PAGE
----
[WEB SECURITY] username & pw in clear-text through SSL considered safe?
oliver at securitycompass.com
Thu Jun 19 01:19:28 EDT 2008
I¹d like to point out before this gets too out of hand that of course MD5
hashing a password is a bit silly. In my previous post I wanted to make it
clear that it wasn¹t ridiculous. There¹s a bit of a the status quo is good
enough¹ thing going on in this thread, and that¹s where we¹re going a bit
astray in my opinion.
> SSL MITM- There is no such thing as a passive SSL man-in-the-middle, so
> is true. It is also true that the hashed password is a
That¹s not entirely true. Not passive, but without substituting certs it¹s
possible in many cases to trick clients and servers into using earlier
protocol versions and weaker ciphers. So if both parties will accept 40bit
DES ciphers, Eve, our evesdropper can force them to do so without cert
warnings and such ³users are dumber than security people² issues.
> So in the situation with the least amount of SSL security (40-bit export DES)
> increase security in the presence of an attacker that can crack
However a SHA256 hash would be different, and there are no widespread
vulnerabilities in the protocol that allow an attacker to pick your hashing
algorithm or simply remove it. Nobody should use MD5 or DES anymore, period.
If you are than please consider an even more computationally efficient
cipher by a fellow named Caesar...
> If you accept weak ciphers in your browser or server, you are in trouble.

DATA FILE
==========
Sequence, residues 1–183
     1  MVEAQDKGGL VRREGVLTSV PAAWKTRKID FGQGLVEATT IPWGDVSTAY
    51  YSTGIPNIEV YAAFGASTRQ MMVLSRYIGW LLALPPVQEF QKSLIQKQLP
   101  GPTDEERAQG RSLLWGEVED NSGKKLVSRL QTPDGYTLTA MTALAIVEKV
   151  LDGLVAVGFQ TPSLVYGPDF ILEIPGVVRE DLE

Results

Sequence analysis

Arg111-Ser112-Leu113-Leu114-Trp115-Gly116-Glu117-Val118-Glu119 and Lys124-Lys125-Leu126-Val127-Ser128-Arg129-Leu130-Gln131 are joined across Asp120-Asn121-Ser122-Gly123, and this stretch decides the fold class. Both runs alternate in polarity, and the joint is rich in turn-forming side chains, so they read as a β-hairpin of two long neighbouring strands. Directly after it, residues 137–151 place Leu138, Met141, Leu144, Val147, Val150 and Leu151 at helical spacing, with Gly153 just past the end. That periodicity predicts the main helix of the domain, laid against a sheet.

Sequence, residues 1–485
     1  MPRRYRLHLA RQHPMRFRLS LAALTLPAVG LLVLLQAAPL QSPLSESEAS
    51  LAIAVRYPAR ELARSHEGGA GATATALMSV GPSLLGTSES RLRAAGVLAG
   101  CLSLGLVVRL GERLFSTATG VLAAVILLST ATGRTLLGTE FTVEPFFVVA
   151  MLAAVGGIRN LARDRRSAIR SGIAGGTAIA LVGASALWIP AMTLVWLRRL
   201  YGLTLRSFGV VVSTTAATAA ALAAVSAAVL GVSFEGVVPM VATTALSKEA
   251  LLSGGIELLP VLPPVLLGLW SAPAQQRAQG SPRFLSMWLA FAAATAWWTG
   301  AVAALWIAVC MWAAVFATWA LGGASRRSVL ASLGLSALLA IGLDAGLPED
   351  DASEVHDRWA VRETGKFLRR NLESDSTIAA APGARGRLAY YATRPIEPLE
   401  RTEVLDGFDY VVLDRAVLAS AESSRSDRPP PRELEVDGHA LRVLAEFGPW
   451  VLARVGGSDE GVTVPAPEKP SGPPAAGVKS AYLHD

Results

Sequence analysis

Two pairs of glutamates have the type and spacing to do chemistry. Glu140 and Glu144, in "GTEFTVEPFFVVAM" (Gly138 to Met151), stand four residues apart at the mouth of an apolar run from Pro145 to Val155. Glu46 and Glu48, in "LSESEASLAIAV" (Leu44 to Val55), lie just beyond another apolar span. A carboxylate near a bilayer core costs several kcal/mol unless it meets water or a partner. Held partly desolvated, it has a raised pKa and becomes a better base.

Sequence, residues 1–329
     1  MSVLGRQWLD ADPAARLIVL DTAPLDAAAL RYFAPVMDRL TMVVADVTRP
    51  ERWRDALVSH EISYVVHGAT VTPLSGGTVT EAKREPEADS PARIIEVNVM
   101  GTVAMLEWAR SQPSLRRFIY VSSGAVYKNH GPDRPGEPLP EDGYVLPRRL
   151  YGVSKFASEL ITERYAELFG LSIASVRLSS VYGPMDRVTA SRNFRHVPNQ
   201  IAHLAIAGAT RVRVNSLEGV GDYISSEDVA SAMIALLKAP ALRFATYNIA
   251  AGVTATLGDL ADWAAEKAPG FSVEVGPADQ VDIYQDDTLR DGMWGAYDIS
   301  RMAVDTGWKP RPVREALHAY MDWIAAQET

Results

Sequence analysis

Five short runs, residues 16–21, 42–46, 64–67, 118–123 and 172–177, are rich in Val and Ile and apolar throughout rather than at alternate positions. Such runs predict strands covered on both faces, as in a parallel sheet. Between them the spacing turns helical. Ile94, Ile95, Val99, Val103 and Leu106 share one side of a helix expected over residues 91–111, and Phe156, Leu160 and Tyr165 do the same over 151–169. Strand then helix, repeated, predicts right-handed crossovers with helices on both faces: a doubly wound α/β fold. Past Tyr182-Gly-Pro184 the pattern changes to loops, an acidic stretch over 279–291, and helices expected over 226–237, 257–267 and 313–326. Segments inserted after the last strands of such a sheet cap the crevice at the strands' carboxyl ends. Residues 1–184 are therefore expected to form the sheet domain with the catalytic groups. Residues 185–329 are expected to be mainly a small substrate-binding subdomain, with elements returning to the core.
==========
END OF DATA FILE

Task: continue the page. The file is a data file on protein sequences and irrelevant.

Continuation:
> UseTLSv1 (or 1.1 ). Use good cipher suites. Use OTP if possible. Put the
> password in a form POST. Don¹t mess up elsewhere.
I¹ll add one more here: Use client certificate based authentication for
clients wherever feasible. Spend the time to set up a CA for your
enterprise. Get physical tokens of some sort and add another factor.
I¹m no big fan of certs, but bandying about cleartext passwords over a
channel that has to efficiently transport large amounts of data (and as such
has difficult performance vs. data security requirements) is just not the
best way to do things. The idea of adding more protection for authN
credentials than you might apply to a big old blob of XML is not silly at
The fact that the implementation that started this thread is very flawed has
turned it into a bit of a straw man argument... the implementation is bad,
but the idea that HTTP over SSL may not be all anyone ever needs to protect
authN data has a lot of merit. It¹s mildly troubling to hear the contrary so
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